Goodies to Go (tm)
January 27, 2003-- Newsletter #217
Goodies to Go (tm)
January 27, 2003--Newsletter #217
This newsletter is part of the internet.com network.
* Goodies Thoughts -
Web Site Content.
* Q & A Goodies
* News Goodies
* Feedback Goodies
* And Remember This...
Just in case you missed it before, the new Beyond HTML Goodies book is now available!
|Goodies Thoughts -||Web Site Content.|
Over the past couple of weeks I have
discussed the importance of the Design stage in a
website's life and considered layout, color and
sound. This week, I continue this exploration of the
development of a site with a look at content.
I wrote a newsletter piece in September last year about content (see http://www.htmlgoodies.com/letters/196.html) and I refer you to that for a description of what to include by way of content. Today I'd like to discuss a little about the style of included content.
Before anything else, I have to mention rule number one of content. Regardless of the type of website you are building, the first rule of content is to keep it fresh. Getting new visitors to your site is always a challenge (and a topic for another discussion!) If you want to keep your site lively, then it is imperative that you keep your visitors coming back. A couple of visits with the same old stuff there will slow them right down. A couple more visits and they'll be gone, perhaps for ever. Not a good thing! Fresh produce in the store, fresh news in the newspaper, fresh content on the website -- it stands to reason!
There is no such thing as a "web style" of content. The use of a particular style is to enhance the effectiveness of the type of content, and not to enhance the web. What this means is that you should not think first about the fact that you are providing content for a website, and how that should be styled. Instead you should be thinking, for example, "This site is for children. I need to make this easy to read, and to use a friendly, personal and uncomplicated manner of speech." This way the content style adapts to the subject matter and happens to be on the web, rather than adapting to the web and happening to be for children.
What style to apply depends on the type of website you are building. If you are building a personal website, be personal. Talk to your reader as if they were there with you. This holds especially true for photo album sites. The big mistake people make with their web albums, is to forget that normally, when the show their pictures to their friends, they are there themselves to explain them. Be there in the site. For example, "Aunt Peggy, Chicago, February 2000" is a hopeless caption in comparison to "This is Aunt Peggy (Pat's twin) at her birthday party in Chicago in 2000. She and Steve obviously had a good time - I don't think she'll be using those shoes any more!" Even without seeing the picture, it's more interesting, don't you think?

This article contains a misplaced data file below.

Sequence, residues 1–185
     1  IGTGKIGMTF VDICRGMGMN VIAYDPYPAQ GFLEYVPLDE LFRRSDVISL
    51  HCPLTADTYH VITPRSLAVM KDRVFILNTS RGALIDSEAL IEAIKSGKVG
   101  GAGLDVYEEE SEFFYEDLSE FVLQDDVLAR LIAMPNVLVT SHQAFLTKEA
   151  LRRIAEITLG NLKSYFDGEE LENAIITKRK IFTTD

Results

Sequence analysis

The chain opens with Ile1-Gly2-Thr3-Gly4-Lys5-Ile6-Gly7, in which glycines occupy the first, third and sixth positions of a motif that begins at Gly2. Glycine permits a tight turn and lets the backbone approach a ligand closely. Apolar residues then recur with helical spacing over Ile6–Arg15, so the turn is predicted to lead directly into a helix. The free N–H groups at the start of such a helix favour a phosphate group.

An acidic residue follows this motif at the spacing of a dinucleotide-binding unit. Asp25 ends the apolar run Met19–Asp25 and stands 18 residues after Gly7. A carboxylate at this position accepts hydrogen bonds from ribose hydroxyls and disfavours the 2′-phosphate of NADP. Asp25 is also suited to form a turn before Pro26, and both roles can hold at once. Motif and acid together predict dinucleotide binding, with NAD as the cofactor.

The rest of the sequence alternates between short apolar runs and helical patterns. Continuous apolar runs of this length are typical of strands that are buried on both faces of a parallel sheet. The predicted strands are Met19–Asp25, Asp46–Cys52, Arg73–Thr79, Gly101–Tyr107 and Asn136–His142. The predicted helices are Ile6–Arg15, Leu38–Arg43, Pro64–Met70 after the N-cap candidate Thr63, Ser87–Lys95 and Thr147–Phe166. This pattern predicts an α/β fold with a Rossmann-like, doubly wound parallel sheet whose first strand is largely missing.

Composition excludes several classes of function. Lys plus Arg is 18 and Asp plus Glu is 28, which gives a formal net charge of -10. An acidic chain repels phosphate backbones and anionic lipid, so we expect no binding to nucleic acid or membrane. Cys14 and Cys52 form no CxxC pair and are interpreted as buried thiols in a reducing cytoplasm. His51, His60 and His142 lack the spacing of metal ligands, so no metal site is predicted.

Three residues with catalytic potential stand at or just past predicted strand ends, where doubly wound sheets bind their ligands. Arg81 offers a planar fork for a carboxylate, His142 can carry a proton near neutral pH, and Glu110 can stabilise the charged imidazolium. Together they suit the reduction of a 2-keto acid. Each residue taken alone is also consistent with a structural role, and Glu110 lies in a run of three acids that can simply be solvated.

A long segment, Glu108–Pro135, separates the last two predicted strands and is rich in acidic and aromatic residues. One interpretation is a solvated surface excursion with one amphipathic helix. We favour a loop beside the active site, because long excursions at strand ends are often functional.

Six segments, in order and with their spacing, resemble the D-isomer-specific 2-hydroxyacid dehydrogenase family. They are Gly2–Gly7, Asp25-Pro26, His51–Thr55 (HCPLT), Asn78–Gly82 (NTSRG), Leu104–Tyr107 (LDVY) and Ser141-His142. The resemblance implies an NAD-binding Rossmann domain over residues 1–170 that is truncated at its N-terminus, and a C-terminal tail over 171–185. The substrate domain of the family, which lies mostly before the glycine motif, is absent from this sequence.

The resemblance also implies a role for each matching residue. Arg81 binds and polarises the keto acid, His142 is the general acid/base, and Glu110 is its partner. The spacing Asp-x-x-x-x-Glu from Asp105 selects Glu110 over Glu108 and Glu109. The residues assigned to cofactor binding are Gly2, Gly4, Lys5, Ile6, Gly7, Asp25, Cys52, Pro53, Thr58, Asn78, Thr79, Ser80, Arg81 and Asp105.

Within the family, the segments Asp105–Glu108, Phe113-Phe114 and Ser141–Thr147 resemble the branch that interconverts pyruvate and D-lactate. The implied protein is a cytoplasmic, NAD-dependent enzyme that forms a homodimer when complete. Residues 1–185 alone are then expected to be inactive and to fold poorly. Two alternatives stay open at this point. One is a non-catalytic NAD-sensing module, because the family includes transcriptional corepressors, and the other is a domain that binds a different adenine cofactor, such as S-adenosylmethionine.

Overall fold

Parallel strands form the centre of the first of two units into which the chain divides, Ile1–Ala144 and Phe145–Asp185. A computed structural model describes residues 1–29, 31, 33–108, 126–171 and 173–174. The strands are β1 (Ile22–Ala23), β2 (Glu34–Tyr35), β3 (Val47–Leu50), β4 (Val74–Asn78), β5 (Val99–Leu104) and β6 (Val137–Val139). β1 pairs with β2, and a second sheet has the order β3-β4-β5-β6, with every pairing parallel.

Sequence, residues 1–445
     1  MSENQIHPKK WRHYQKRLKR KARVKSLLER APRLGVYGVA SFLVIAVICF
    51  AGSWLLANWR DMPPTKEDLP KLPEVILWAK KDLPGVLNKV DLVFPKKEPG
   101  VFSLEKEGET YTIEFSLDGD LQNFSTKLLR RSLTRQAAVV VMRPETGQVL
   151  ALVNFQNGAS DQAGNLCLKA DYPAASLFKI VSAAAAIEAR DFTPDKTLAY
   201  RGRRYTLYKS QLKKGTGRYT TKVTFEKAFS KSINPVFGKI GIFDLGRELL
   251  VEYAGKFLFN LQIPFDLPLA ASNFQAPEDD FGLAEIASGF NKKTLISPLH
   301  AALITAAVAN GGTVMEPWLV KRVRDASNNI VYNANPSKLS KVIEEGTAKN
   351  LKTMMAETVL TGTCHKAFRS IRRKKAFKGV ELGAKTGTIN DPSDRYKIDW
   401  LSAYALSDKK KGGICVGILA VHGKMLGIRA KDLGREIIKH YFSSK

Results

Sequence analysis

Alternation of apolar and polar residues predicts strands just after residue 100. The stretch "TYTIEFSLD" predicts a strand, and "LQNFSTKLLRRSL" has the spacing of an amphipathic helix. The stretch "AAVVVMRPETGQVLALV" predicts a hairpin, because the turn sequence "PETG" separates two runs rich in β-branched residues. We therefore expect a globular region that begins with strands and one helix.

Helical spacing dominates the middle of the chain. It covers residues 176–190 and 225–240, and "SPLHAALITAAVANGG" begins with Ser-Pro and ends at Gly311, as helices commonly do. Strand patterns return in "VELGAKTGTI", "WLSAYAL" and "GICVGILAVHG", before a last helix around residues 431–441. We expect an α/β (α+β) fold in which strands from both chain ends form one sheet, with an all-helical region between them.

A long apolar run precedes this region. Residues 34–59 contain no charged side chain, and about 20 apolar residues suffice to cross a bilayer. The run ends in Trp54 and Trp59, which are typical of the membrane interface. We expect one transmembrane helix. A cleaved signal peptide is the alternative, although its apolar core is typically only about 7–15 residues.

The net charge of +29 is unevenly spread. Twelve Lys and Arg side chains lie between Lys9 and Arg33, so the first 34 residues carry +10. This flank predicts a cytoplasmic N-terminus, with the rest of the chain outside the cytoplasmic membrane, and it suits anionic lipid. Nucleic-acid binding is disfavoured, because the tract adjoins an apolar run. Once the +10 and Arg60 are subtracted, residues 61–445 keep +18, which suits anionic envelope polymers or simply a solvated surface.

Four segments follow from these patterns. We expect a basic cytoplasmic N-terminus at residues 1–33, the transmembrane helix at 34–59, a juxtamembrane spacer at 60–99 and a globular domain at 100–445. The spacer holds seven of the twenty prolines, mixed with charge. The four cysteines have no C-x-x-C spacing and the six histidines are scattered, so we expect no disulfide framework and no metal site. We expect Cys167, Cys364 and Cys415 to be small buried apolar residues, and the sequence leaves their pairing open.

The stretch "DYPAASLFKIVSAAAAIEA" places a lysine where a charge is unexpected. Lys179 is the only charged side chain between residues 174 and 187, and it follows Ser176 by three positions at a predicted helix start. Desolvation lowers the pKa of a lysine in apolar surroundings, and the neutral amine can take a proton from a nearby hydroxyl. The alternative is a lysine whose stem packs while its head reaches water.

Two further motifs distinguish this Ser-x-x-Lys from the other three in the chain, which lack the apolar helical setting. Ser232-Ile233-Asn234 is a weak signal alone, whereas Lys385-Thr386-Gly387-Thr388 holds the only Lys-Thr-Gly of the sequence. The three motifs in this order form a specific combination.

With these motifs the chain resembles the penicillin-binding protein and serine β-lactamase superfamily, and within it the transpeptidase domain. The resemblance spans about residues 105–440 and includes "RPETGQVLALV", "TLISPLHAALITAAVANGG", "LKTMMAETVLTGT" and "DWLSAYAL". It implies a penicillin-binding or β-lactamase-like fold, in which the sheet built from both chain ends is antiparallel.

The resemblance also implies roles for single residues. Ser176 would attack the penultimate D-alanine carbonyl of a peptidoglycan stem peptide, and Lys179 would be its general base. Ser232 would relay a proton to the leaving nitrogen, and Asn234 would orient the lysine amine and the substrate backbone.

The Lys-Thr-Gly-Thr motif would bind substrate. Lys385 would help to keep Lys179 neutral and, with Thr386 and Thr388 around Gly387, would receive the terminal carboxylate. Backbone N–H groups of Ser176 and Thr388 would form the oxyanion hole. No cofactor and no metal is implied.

A business web site should get down to business, but shouldn't be dry. A little humor and a little color are the spices that can change a product description into an enticing overview of a product's capabilities. Some subjects are strictly factual. Law, for example. While intriguing, perhaps, to lawyers, it bores the pants off most sane people! Even science and mathematics, which have a reputation for being less than thrilling to the majority of folk, can be exciting when well presented. Scour the web for discussions of Fermat's Last Theorem. Look and some of the mathematical sites and compare them to Simon Singh's work. You'll see what I mean.
Above all, remember that you are talking to people. As you write the content, imagine that your audience is there with you and that you are providing it directly to them. Talk to them as you would normally, business-like to business people, politely to casual acquaintances and personally to friends and family. There is no special trick to the web. It is merely a medium to carry your message to your audience; nothing more.
Of course, the real beauty of writing is that you get to say something, then change it before it is heard! It's amazing how frequently we have a great idea, blurt it out and then realize just how not-so-great it actually was! When designing your site, blurt all you want -- then go back and fix it!!
Next week, I will continue this journey through a site's early life with a few thought about functionality.
Thanks for Reading!
- Vince Barnes
Questions are taken from submissions to our Community Mentors. You can ask a Mentor a question by going to http://www.htmlgoodies.com/mentors/.
Q. Is there was a way to position a background image in the center of a page regardless of screen resolution?
A. This code will position the image in the center: